News

Copyright © 2017 Natural Medicines (www.naturalmedicines.com)
October 2013

Snacking on Almonds May Decrease Appetite

Incorporating almonds into daily meals or snacks may increase satiety and reduce the desire to eat without causing weight gain, according to a new study.

The almond is closely related to the peach, apricot, and cherry (all classified as drupes). Unlike its relatives, however, the outer layer of the almond is not edible. The edible portion of the almond is the seed.

Sweet almonds are a popular nutritious food. Researchers are especially interested in their level of monounsaturated fats, as these appear to have a beneficial effect on blood lipids. Sweet almond has been suggested as a treatment for many conditions. There is some research support for the use of whole sweet almonds as cholesterol-lowering agents, although it is not clear what dose may be safe and effective.

In a recent study, researchers randomly assigned 137 people with an increased risk of type 2 diabetes to eat 43 grams of almonds daily with breakfast or lunch, to eat them alone as a morning or afternoon snack, or to eat no almonds at all for four weeks. Various outcome measures, such as appetite responses and oral glucose tolerance tests, were evaluated before treatment and after the four weeks.

The researchers found that almonds reduced blood sugar responses after eating, noting that these responses were greatest when almonds were eaten as a snack. Additionally, when almonds were eaten as a snack, they reduced the urge to eat. Monounsaturated fat and alpha-tocopherol (vitamin E) consumption significantly increased in all almond groups. Furthermore, without specific guidance from the researchers, participants in the almond groups reduced their daily energy intake to account for the energy added by the almonds.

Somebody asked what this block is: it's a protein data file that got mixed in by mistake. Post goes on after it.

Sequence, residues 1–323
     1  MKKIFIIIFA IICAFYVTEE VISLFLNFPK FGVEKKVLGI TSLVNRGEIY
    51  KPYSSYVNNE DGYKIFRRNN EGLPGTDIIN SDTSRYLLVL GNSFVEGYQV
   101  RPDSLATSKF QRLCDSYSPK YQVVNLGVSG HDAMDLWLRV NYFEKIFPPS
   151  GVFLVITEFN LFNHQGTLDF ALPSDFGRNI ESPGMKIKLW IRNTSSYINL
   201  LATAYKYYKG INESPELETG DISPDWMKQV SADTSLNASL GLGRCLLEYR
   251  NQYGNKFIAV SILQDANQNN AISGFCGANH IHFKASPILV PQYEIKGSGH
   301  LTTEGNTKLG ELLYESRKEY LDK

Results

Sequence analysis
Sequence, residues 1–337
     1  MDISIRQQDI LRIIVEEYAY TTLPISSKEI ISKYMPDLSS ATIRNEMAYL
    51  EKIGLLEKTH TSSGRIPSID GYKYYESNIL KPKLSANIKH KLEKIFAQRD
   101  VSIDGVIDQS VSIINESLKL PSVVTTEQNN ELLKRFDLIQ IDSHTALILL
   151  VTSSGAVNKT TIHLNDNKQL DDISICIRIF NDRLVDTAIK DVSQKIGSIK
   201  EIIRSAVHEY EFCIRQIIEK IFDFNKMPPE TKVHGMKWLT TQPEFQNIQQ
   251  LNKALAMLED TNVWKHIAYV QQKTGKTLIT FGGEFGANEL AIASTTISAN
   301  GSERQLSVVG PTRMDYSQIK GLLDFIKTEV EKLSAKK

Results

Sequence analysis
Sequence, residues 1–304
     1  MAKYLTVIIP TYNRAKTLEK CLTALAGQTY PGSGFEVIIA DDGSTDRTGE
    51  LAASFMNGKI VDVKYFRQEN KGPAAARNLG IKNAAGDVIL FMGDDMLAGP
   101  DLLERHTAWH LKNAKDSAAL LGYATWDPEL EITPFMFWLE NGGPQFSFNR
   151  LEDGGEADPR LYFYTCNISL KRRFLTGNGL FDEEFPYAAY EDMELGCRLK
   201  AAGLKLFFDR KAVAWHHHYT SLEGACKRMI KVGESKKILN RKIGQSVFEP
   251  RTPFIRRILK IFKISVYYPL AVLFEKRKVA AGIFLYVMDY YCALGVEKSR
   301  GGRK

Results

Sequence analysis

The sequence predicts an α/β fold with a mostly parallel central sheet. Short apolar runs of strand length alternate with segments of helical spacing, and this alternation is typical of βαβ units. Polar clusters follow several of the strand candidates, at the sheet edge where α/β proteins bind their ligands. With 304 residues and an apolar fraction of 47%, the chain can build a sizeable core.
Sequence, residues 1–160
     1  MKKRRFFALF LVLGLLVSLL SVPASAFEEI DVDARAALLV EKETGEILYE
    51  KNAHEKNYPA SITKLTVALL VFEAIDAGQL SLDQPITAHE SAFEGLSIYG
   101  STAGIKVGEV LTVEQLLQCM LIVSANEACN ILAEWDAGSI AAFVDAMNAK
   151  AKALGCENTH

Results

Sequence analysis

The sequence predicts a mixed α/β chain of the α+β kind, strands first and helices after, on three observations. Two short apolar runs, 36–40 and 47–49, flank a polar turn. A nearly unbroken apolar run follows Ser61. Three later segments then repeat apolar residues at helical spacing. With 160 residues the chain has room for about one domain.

The authors concluded that incorporating almonds into the diet may reduce appetite without increasing the risk for weight gain and suggested their use as a healthy snack. Further research is warranted.

For more information about sweet almonds, please visit Natural Standard's Foods, Herbs & Supplements Database.

To comment on this story, please visit Natural Standard's blog.

References

  1. Natural Standard: The Authority on Integrative Medicine. 
  2. Tan SY, Mattes RD. Appetitive, dietary and health effects of almonds consumed with meals or as snacks: a randomized, controlled trial. Eur J Clin Nutr. 2013 Oct 2. View Abstract

The information in this brief report is intended for informational purposes only, and is meant to help users better understand health concerns. This information should not be interpreted as specific medical advice. Users should consult with a qualified healthcare provider for specific questions regarding therapies, diagnosis and/or health conditions, prior to making therapeutic decisions. Copyright © 2017 Natural Medicines Inc. Commercial distribution or reproduction prohibited. Natural Medicines is the leading provider of high-quality, evidence-based, clinically-relevant information on natural medicine, dietary supplements, herbs, vitamins, minerals, functional foods, diets, complementary practices, CAM modalities, exercises and medical conditions. Monograph sections include interactions with herbs, drugs, foods and labs, contraindications, depletions, dosing, toxicology, adverse effects, pregnancy and lactation data, synonyms, safety and effectiveness.